Last week, Belgravia Leisure, a Victoria-based company that currently manages more than 160 pools across Australia and New Zealand, signed a $13-million deal with the ACT Government to manage the Civic, Gungahlin, Stromlo, Tuggeranong and Dickson pools.

The government assured Canberrans there would be “minimal disruption to pool and gym services”, and current staff would be given the option to stay on.

“This appointment is a promising step to providing certainty for both patrons and current staff.”

See Dickson Differently

The previous operators of the Dickson pool were there for 26 years. Photo: Region Media.

Josh Rynehart from the ACT Property Group subsequently told ABC Radio the Civic and Gungahlin sites will close temporarily for repairs ahead of summer.

“As part of the transition period, we are taking the opportunity to do some general maintenance at Civic and Gungahlin, so they’ll both be closed for short periods, probably for 48 hours before we get into the season, to do some minor works and assessments there,” he said.

Belgravia Leisure has flagged a “range of new programs and services … will be rolled out once we have transitioned”.

“Our priority at the moment is to ensure we have a smooth transition for staff and customers with minimal impact as we take over each site,” Head of Communications Kristy Brown said.

“The fees and charges currently being charged will remain.”

Belgravia Leisure previously managed the Tuggeranong and Civic pools from 1 July 2005 to 30 June 2012.

Combined, the pools cost the taxpayer nearly $17 million per year, including repairs and maintenance, and there are more than 1 million visits annually.

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Sheeeyit, looks like a rip-off’s going down at the ol’ public plunge pools ay? Fees goin up every year like clockwork since 2011 by the sounds. You know somethin’s dodgy when the government’s tryna hide that little fact online!

Bet all the pensioners are havin a bloody whinge down at RSL about it. “Another 30 cents Donna, where do they think I keep it, me thong??” Council probly put more effort into backpedalling on the web than finding ways to keep the prices down for the locals.

No surprises the contractors have done a runner too, pumpin all the cash into upkeep but bugger all coming back each season. Running public facilities ain’t no money spinner that’s for sure. Be lucky to break even with rising costs and Canberra blow-ins thinking $5 is too much for a dip.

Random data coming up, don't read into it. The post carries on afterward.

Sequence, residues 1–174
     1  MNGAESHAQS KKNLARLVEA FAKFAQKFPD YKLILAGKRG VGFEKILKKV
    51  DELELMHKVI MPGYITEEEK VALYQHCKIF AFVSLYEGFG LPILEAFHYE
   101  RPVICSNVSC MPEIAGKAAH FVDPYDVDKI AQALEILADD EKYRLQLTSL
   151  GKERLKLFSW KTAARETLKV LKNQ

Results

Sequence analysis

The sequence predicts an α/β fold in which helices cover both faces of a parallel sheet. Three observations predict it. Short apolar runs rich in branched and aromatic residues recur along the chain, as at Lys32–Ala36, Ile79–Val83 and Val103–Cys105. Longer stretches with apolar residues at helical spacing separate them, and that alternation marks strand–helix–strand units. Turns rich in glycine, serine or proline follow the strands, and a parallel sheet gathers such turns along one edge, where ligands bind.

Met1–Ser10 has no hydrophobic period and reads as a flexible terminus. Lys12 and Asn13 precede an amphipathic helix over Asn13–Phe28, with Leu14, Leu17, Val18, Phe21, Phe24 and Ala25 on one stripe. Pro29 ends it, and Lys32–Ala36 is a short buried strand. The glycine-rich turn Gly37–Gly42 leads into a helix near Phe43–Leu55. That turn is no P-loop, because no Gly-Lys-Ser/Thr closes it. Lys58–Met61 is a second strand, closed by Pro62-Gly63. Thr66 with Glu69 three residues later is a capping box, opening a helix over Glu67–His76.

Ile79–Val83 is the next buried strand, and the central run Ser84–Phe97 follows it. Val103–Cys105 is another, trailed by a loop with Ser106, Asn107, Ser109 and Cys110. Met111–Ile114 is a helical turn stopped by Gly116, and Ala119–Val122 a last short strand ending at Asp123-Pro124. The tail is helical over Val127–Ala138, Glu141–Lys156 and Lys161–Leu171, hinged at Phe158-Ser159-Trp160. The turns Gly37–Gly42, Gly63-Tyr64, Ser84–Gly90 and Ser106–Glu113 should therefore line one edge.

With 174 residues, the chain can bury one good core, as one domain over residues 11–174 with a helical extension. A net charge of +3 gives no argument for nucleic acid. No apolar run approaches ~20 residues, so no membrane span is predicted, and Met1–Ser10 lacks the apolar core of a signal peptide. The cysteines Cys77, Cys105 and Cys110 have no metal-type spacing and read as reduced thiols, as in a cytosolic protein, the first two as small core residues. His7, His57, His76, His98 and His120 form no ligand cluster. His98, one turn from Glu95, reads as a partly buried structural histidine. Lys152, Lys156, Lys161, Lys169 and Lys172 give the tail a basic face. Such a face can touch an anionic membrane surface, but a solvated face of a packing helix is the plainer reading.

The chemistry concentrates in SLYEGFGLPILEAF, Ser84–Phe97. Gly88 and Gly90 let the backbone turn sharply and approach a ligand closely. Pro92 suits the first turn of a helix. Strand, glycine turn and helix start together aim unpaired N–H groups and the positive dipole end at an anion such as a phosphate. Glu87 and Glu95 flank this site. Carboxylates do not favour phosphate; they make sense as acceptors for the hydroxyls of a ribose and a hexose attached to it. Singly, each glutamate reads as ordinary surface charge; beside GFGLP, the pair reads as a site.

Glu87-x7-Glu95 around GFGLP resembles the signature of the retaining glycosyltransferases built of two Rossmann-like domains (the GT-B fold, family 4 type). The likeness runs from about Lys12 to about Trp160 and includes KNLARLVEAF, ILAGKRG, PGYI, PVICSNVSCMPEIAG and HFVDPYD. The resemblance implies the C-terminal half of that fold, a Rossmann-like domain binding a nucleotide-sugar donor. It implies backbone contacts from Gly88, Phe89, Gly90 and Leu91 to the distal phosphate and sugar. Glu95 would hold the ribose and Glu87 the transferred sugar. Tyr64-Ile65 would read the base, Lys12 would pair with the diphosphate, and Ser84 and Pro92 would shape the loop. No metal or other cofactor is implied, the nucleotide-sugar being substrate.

Reckon those corporate pool barons at Belgravia will do no better long run. Few months of “new programs” then when summer’s done it’ll be nothing but complaining bout the books. Give me little Johnny at the counter over some suit from Melbourne any day!

At least the oldies and spuds get a discount I s’pose. But crikey, pay full whack and you’d wanna win Tattslotto just for a few hours splashin the grommets. The member fees’d get ya quicker than skin cancer, no joke.

Only hope is they find some fat to chew on in the budget. Else we’ll end up like Coogee – packed to the rafters with units and not a pool in sight! Where the fair dinkum are our kids meant to learn to nippers, hey? This galah’s callin shenanigans on the whole deal.

Trish O'Connor5:26 pm 09 Oct 23

Combined pool costs for a million users better value than the tram.

Debra Kirkwood9:39 am 09 Oct 23

I have been going to the Tugg Pool since it opened and every year my membership goes up , therefore i don’t get it when you say it hasn’t gone up in 11 years

Tax on fitness? The outcome is more unhealthy people?

The last few times I have been at a public pool; in the ACT, high entry fee and most the pool closed off for lap swimming with one or two swimmers per lane, in Wagga, Canowindra, Coonabarabran etc. low entry fee or free entry and a pool full of adults and children having a good time and cooling off. Canberra pools are no where near as family friendly as those in most country towns.

Linda Seaniger1:33 pm 08 Oct 23

I’m not surprised with the increased admission charges. Barr needs to pay for his antique tram folly some how. At least pools & gyms are used far more often than cycle lanes.

Continuing to attribute other issues to the Light Rail (already proven a usage success) is becoming a tedious manifestation of a ‘cargo cult’ symptom.